I enjoyed this reflective piece from Math with Bad Drawings about determining whether or is larger. The final answer, involving the number , was a complete surprise to me.

Short story: is the unique number so that for all positive .

I enjoyed this reflective piece from Math with Bad Drawings about determining whether or is larger. The final answer, involving the number , was a complete surprise to me.

Short story: is the unique number so that for all positive .

*Posted by John Quintanilla on February 15, 2019*

https://meangreenmath.com/2019/02/15/powers-great-and-small/

Set a digital clock to display in 24-hour (military) time. Each day, it will show you 211 prime numbers starting with 00:02 (2 minutes after midnight) and ending with 23:57 (3 minutes before the next midnight.)

Oh, and 211 is also prime, so 02:11 would be one of the 211 prime times you observe each day.

*Posted by John Quintanilla on February 11, 2019*

https://meangreenmath.com/2019/02/11/211/

I enjoyed this article about how the solution of a pure mathematics problem from a century ago is finding an unlikely application now: https://www.quantamagazine.org/a-classical-math-problem-gets-pulled-into-the-modern-world-20180523\

From the introductory paragraphs:

Long before robots could run or cars could drive themselves, mathematicians contemplated a simple mathematical question. They figured it out, then laid it to rest — with no way of knowing that the object of their mathematical curiosity would feature in machines of the far-off future.

The future is now here. As a result of new work by Amir Ali Ahmadi and Anirudha Majumdar of Princeton University, a classical problem from pure mathematics is poised to provide iron-clad proof that drone aircraft and autonomous cars won’t crash into trees or veer into oncoming traffic.

“You get a complete 100-percent-provable guarantee that your system” will be collision-avoidant, said Georgina Hall, a final-year graduate student at Princeton who has collaborated with Ahmadi on the work.

The guarantee comes from an unlikely place — a mathematical problem known as “sum of squares.” The problem was posed in 1900 by the great mathematician David Hilbert. He asked whether certain types of equations could always be expressed as a sum of two separate terms, each raised to the power of 2.

Mathematicians settled Hilbert’s question within a few decades. Then, almost 90 years later, computer scientists and engineers discovered that this mathematical property — whether an equation can be expressed as a sum of squares — helps answer many real-world problems they’d like to solve.

“What I do uses a lot of classical math from the 19th century combined with very new computational math,” said Ahmadi.

*Posted by John Quintanilla on February 8, 2019*

https://meangreenmath.com/2019/02/08/a-classical-math-problem-gets-pulled-into-the-modern-world/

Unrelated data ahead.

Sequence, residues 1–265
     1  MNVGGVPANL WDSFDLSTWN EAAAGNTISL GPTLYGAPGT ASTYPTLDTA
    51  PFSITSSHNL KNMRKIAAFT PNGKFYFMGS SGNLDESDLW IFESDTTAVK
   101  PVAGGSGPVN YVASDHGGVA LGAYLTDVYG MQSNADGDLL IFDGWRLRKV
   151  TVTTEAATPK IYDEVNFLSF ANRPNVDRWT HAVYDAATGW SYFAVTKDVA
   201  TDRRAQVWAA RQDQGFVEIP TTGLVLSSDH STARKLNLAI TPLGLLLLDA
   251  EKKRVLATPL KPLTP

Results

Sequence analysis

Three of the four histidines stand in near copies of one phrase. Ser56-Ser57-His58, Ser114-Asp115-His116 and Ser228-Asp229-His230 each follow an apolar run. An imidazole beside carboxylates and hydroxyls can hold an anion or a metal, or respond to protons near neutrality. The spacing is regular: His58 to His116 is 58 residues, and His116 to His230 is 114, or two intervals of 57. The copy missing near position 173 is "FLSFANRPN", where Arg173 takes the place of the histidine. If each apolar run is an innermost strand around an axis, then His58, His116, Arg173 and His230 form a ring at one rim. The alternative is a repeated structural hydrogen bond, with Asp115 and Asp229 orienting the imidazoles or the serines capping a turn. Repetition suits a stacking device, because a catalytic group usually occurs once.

Source: https://www.facebook.com/CTYJohnsHopkins/photos/a.323810509981/10150912351654982/?type=3&theater

*Posted by John Quintanilla on February 4, 2019*

https://meangreenmath.com/2019/02/04/greeting-cards-for-scientists/

A lot more Matrix jokes can be found at https://mathwithbaddrawings.com/2018/03/07/matrix-jokes/

*Posted by John Quintanilla on February 1, 2019*

https://meangreenmath.com/2019/02/01/matrix-jokes/

I enjoyed reading this retrospective about the famous mathematicians at Princeton in the 1930s: https://paw.princeton.edu/article/adventures-fine-hall

From the opening two paragraphs:

The year was 1933. Members of the University’s mathematics department and the Institute for Advanced Study were celebrating the Institute’s opening with a party at the Princeton Inn, which is now Forbes College. “By chance,” an attendee later recalled, he entered just behind the Institute’s most famous faculty member, Albert Einstein. “As we walked across the lobby of the hotel, a Princetonian lady, of the Princetonian variety, strolled toward us. She was fairly tall and almost as wide, beautifully dressed, and she had an air of dignity. She strolled up to Einstein, reached out, put her hand up on Einstein’s head, ruffled his hair all over the place, and said, ‘I have always wanted to do that.’ ”

The source of this marvelous anecdote is Edward McShane, a distinguished mathematician, and the context is an intriguing series of interviews that the University conducted in the 1980s with people who had studied in the mathematics department in the 1930s. These interviews sought to capture the spirit of mathematics at Princeton during a golden age, a time when Einstein, Kurt Gödel, John von Neumann, and other analytical greats crossed paths on campus. In the process, the interviews captured something unexpected: a catalog of weirdness, a palette of colorful and off-kilter adventures that were going on in the background while the big papers were being written.

*Posted by John Quintanilla on January 28, 2019*